To learn more about Magdeburg and its attractions, simply visit the city's official tourist information website!
The Reformation led to turmoil across Europe. Many French Protestants, or Huguenots, left the country; in 1631, their skills helped rebuild Magdeburg after the Thirty Years’ War. However, by then many had left Europe altogether and numerous landed in North America, which made it more difficult.
The first Protestant service in North America was held in Florida on April 30, 1562.
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Luther attended boarding school here and preached in St. John's Church in 1524. The people responded to his message; the parishes converted to the Protestant faith and the city became a leader in the Reformation.
The history of Magdeburg is one of the longest in Germany, with a number of highlights well-worth a visit.
The Magdeburg Cathedral dates back over 1,000 years. The enormous cathedral that stands today was the first to be built in the Gothic style in Germany; begun in 1209, it was finally finished in 1520.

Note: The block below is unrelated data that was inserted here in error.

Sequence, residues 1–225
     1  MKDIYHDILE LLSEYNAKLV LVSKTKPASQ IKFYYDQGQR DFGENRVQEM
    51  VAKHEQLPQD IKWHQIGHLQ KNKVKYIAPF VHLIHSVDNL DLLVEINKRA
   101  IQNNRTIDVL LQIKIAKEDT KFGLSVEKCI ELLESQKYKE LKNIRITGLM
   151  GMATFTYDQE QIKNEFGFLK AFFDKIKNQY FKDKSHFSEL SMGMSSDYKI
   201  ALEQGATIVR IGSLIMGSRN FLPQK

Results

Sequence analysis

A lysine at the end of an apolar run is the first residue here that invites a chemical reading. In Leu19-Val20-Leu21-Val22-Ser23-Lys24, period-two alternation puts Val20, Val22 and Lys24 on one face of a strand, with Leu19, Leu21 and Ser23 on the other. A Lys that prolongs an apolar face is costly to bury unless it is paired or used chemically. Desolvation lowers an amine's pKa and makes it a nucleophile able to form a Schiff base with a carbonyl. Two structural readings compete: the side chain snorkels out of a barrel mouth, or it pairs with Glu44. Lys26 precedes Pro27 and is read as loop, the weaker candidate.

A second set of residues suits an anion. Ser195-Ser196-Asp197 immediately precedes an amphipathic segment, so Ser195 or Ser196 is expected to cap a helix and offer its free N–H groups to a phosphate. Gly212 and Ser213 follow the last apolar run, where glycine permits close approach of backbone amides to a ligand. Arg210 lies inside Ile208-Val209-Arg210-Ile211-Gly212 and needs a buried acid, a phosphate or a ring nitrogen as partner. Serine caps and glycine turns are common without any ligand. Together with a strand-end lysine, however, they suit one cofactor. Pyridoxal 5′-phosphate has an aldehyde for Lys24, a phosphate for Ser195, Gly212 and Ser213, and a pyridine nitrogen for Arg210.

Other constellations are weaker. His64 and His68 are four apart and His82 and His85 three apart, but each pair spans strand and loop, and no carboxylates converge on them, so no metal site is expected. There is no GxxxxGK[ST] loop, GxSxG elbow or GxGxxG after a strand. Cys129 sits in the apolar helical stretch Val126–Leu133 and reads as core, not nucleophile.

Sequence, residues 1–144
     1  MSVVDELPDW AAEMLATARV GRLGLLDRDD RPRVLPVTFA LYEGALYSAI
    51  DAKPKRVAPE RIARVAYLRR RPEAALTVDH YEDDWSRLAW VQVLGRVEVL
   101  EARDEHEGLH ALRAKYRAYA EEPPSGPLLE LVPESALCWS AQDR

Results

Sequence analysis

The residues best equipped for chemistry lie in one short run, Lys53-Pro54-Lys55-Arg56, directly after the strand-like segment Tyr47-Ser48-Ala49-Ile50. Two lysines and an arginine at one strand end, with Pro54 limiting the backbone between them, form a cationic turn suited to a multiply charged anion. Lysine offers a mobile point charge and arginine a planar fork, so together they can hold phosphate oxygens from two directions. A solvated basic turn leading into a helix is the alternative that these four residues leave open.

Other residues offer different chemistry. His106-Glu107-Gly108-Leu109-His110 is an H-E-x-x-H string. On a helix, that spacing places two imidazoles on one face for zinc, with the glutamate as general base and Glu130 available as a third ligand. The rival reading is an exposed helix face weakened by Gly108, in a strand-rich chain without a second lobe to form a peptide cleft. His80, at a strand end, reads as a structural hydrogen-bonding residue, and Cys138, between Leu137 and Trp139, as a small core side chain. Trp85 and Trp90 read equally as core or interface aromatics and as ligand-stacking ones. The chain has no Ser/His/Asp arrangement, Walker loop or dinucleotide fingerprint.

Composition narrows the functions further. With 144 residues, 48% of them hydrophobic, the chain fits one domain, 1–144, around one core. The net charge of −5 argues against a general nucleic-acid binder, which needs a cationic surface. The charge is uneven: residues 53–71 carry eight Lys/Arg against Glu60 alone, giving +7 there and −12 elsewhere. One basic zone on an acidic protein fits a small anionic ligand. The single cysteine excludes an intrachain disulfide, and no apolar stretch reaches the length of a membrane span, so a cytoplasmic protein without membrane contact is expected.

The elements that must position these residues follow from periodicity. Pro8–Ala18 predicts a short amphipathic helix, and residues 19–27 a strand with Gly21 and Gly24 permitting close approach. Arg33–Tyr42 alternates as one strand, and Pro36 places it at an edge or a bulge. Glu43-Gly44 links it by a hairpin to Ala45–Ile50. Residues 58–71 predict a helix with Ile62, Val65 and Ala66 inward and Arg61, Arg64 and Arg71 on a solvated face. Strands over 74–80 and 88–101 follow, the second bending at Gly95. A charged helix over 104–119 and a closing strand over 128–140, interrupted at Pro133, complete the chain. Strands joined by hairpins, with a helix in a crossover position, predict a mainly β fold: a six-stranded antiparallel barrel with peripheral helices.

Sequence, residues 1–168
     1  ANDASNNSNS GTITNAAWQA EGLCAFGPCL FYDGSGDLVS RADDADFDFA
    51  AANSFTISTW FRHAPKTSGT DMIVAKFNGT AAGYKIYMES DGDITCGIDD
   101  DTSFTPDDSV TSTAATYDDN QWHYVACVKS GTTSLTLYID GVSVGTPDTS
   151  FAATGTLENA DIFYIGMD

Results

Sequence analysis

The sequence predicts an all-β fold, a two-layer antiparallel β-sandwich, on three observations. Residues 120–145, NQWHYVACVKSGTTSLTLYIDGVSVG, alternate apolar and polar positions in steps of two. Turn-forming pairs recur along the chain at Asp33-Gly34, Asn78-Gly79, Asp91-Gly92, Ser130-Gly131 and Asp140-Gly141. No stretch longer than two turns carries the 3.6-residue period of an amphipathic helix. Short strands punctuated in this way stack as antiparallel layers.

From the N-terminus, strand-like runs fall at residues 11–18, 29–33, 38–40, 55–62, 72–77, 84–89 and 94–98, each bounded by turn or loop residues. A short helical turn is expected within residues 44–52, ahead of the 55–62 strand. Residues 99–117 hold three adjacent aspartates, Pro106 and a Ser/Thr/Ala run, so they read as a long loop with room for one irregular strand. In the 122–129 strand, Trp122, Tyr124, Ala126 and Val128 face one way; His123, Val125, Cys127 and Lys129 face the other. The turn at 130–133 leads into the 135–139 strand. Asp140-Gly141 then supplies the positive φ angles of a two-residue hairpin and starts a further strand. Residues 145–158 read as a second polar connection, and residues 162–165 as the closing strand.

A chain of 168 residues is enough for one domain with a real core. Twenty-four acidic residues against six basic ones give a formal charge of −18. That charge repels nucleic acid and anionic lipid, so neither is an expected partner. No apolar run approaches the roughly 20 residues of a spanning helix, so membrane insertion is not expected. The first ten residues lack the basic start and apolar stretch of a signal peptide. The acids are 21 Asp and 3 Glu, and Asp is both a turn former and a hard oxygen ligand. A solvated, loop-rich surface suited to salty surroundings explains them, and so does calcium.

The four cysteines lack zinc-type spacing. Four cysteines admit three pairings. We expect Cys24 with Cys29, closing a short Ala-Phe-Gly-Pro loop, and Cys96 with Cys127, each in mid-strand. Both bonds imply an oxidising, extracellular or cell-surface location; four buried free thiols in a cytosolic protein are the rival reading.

Magdeburg’s oldest building is the Monastery of Our Lady; today, it houses a concert hall and museum of art.
The Market Square is known for its historic architechture and includes the City Hall (Rathaus), whose bronze door tells the story of the city in 14 panels. Not to miss is the golden Magdeburger Reiter (1240), the first equestrian statue north of the Alps.
Standing in brazen contrast to the city’s historic architecture is THE GREEN CITADEL® OF MAGDEBURG. Designed by the late Austrian artist and architect, Friedensreich Hundertwasser, this complex is gloriously shocking. Pink and wobbly-looking, it includes apartments, shops, a nursery school, offices and what could be Germany's most unusual hotel.